Sara-Vide Ericson's Obsolete Decoy @ Eighteen Gallery
On March 2nd, Eighteen Gallery in Copenhagen introduced the latest solo exhibition by Sara-Vide Ericson titled Obsolete Decoy. After two previous solo presentations at V1 gallery, the Swedish artist used the opportunity to exhibit in their "sister" larger/higher space, by presenting some major, large-scale masterpieces.
The imposing The Wrestler piece is dominating the white cube space, depicting the artist walking alone in nature, wearing only a bra and chaps. Spanning close to three meters in height and filing up the large wall almost floor to ceiling, the impression of this majestic work is accented with the determined expression of the main character, the dynamic posture she is captured in, and the unusual yet compelling light the image is set in. With hues ranging from bright orange, all the way to purples, the artist captured the of the enless beauty of wild nature which surrounds her home and her studio.
This is continued on Wall of Sound piece which arrests the power and impact of the running waterfall, depicting it's raw power and focusing on visually presenting the deafening sound of the scene. Painted with expressive brush strokes, Ericson manages to capture all the beating of water against the stone, creating an image that changes itself as you switch the point of view, just as the experiencing a waterfall changes as you're coming closer to it. Relationship with nature is also shown in Band Aid, which is a metaphor for finding shelter in a carcass of an animal, presented through a white fur coat and a red shirt under it. The whole idea of connecting her work to the environment she lives and works in is further emphasized with wood chips scattered on the floor of otherwise sterile space. Along with influencing the way one is moving through the presentation, this unusual addition is adding a distinct scent and a subtle sound to the overall experience.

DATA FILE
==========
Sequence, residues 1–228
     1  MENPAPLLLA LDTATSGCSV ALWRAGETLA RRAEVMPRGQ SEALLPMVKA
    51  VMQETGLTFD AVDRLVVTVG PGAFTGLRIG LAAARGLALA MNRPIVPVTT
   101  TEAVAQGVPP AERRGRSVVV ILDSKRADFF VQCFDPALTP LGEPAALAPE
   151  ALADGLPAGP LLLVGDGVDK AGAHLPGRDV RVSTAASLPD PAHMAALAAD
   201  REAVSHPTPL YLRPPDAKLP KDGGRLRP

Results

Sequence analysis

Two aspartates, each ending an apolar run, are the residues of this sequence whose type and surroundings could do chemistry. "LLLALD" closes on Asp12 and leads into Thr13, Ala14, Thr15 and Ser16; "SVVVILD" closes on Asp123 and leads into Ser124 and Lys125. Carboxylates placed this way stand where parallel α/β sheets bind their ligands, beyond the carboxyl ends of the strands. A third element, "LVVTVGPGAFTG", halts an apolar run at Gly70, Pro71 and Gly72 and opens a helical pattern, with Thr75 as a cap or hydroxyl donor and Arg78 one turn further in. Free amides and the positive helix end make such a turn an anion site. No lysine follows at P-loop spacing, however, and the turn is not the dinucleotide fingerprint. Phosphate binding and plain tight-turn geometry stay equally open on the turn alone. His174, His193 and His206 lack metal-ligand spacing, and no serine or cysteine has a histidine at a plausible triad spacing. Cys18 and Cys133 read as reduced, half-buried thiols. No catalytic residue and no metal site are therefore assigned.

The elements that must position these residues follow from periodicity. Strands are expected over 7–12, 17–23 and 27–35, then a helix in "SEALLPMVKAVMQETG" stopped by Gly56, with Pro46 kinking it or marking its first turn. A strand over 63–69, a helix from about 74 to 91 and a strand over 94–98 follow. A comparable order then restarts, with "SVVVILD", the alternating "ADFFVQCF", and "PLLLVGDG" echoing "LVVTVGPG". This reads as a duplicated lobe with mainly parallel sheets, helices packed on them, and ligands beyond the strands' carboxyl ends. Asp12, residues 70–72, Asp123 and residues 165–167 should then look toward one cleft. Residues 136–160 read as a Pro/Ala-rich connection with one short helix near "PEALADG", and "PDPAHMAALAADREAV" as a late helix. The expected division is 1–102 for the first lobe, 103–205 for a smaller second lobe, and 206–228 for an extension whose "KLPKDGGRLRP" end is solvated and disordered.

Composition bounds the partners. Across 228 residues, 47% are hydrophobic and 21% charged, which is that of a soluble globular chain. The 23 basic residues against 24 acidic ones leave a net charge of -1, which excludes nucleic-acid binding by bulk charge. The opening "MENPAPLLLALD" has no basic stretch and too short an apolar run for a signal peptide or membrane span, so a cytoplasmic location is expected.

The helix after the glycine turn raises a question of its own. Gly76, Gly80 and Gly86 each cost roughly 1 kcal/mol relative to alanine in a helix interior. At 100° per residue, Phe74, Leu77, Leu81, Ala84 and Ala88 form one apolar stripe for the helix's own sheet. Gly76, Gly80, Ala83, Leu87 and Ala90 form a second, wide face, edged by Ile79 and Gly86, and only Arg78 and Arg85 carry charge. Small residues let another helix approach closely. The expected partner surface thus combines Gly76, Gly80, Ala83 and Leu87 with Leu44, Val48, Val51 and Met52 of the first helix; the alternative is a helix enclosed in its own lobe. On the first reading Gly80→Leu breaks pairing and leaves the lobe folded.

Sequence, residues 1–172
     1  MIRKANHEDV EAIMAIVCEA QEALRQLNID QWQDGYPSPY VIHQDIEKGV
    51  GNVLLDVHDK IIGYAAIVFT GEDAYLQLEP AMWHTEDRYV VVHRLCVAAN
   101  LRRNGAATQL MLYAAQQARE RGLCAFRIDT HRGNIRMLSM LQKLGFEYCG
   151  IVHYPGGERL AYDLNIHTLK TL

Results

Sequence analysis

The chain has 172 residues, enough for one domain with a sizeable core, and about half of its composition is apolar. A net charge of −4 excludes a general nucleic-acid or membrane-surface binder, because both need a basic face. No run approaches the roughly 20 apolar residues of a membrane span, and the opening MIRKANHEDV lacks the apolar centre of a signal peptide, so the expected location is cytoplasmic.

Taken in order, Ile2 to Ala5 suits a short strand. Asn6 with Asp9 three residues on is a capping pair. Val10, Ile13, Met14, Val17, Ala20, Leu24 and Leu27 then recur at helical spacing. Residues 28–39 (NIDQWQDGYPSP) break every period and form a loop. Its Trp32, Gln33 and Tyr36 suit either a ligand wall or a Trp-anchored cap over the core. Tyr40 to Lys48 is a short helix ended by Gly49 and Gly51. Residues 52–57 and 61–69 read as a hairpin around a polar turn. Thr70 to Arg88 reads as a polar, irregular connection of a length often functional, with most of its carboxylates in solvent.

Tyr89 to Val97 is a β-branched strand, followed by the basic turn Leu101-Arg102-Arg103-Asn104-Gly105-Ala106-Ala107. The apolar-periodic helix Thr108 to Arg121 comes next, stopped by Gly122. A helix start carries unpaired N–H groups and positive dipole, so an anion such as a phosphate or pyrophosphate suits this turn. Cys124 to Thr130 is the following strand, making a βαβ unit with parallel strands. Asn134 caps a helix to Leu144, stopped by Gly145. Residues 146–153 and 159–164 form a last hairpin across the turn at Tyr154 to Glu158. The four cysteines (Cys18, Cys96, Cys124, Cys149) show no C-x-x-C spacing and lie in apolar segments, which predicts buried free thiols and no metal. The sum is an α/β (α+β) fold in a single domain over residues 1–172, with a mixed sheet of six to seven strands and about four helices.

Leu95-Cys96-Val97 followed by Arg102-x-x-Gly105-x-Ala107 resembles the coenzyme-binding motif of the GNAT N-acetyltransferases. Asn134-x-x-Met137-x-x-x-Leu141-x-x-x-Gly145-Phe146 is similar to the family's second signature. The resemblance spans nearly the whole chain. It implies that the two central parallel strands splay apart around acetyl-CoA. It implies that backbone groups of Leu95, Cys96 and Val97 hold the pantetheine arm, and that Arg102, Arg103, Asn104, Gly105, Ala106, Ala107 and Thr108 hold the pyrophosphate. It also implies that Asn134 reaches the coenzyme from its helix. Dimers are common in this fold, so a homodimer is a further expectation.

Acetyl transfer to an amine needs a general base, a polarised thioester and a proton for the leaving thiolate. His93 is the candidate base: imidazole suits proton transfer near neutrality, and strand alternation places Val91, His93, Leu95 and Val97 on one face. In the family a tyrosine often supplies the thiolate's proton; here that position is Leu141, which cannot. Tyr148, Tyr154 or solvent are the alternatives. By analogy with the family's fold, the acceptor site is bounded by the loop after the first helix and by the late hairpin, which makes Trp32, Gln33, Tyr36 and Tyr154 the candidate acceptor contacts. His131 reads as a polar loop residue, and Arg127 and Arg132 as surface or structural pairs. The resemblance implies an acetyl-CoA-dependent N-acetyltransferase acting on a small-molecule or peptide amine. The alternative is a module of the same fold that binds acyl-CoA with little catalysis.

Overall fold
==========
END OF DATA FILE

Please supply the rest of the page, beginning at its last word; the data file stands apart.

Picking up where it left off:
All the pieces in the show are artist's examination of archetypes which were done through personal research and experience. From portraying a bear using a photo trap reference photo she took herself for Ursula pieces, to patiently waiting for a moment when the first leaves are popping on birch trees after a long winter for Pink Silence, the works in this show are taking a step away from the technical sphere and leaving room for artist's process and performance.
Photo and text by @SashaBogojev